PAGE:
National Centre to be 'one-stop shop'

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The Independent Online

New ground was broken yesterday in the quest for multiple Tim Henmans of the future. Charles Trippe, the Lawn Tennis Association's president, and David Felgate, the LTA's director of performance, made the first dig in the construction of a £39m National Tennis Centre in Roehampton.

New ground was broken yesterday in the quest for multiple Tim Henmans of the future. Charles Trippe, the Lawn Tennis Association's president, and David Felgate, the LTA's director of performance, made the first dig in the construction of a £39m National Tennis Centre in Roehampton.

The Centre, due to be completed in 2006, will become the LTA's new headquarters, necessitating a move from Queen's Club, West Kensington, to the Bank of England Sports Grounds, a 15-minute drive from the All England Club.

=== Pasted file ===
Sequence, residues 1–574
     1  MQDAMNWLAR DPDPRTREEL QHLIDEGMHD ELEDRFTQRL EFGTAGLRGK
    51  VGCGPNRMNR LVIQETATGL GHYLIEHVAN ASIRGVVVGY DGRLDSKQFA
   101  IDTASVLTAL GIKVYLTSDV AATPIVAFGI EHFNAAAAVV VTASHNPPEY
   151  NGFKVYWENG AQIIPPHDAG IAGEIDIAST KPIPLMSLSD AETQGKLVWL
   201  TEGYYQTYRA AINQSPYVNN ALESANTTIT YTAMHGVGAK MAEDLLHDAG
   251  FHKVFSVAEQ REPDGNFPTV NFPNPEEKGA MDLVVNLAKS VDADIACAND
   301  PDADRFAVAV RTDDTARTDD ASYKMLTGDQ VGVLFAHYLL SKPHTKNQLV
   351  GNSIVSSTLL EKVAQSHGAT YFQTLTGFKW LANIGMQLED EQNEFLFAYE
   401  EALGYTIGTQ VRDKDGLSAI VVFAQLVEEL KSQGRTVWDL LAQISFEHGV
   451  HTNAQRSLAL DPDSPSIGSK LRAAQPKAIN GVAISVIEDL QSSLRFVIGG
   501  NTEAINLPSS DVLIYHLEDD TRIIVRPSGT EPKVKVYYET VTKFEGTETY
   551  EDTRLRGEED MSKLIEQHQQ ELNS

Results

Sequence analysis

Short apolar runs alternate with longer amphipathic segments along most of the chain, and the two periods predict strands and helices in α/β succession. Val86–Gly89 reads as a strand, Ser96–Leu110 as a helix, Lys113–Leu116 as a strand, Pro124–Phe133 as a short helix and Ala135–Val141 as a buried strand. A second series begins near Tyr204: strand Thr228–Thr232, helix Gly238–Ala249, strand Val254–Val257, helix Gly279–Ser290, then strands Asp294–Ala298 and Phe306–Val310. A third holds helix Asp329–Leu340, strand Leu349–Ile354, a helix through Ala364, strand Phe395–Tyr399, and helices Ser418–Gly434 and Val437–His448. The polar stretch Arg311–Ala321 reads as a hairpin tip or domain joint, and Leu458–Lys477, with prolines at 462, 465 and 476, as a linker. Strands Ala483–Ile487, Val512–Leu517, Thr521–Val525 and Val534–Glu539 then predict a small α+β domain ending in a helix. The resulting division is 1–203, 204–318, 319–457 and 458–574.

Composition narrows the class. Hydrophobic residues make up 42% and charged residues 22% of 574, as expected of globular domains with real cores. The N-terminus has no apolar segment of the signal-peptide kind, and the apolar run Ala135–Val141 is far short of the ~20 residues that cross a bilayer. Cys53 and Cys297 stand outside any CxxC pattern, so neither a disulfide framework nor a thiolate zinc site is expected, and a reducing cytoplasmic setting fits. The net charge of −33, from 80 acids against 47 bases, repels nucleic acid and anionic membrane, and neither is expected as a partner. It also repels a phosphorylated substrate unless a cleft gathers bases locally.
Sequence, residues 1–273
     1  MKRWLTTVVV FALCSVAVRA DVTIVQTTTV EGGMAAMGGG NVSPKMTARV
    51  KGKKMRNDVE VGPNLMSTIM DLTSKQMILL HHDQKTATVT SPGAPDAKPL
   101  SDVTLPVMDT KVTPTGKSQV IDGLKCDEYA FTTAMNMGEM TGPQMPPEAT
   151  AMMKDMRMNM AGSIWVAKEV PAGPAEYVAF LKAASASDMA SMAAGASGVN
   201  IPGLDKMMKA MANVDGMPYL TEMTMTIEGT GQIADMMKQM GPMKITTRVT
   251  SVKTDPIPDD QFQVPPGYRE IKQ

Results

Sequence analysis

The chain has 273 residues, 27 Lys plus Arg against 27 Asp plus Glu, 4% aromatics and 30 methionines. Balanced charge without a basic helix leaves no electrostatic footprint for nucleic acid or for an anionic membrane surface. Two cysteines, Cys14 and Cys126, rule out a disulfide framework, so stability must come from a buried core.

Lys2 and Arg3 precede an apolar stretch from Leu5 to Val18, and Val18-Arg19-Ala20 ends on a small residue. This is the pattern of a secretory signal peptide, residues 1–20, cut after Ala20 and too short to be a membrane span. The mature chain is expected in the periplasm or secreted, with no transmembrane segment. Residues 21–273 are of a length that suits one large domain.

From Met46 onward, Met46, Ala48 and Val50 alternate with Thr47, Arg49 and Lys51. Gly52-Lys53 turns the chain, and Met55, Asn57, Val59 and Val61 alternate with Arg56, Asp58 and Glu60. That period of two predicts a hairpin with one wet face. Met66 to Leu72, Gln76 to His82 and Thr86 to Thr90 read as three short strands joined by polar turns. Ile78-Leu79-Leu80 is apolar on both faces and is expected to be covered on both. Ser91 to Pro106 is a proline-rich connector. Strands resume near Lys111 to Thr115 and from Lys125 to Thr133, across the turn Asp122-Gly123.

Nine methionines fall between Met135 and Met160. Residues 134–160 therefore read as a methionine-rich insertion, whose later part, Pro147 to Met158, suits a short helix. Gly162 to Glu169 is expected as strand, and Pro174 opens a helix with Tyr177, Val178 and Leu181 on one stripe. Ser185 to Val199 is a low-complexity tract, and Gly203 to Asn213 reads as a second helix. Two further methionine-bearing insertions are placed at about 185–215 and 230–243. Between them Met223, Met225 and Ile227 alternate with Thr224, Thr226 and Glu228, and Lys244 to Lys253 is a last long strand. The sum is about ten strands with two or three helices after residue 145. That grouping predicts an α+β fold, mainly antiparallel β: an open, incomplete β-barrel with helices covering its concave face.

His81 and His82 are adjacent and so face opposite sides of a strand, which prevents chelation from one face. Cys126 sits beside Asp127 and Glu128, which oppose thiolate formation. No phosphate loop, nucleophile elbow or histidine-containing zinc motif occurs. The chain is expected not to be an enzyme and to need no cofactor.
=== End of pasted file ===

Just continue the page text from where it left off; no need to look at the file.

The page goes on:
A decision about the future of Queen's Club, in whose grounds is the LTA's current home, will be made before Wimbledon next year. "We have made a number of undertakings to the members that we won't sell the Club without giving them an opportunity to bid," said John Crowther, the LTA's chief executive. "The site will continue as a tennis and racket club for the foreseeable future." The Wimbledon qualifying tournament already takes place on grass courts in the Bank of England grounds, and the aim is to ensure that future British contenders, men and women, graduate from Roehampton to the world's major championships.

The Centre will have 16 outdoor courts - six of them clay, six rubberised concrete, four grass - and six indoor courts, a gymnasium and sports science and medical facilities. "I want our rehab centre to be the best in the country," Felgate said. Crowther described the Centre as "a one-stop shop, where players will be able to get everything they need."

Funding for the project - £30m construction costs plus an up-front 125-year lease payment of £9m to the Bank of England, who owns the site - will come from the LTA's existing assets. "We will come within budget," said Crowther, "this will not be a Scottish Parliament."

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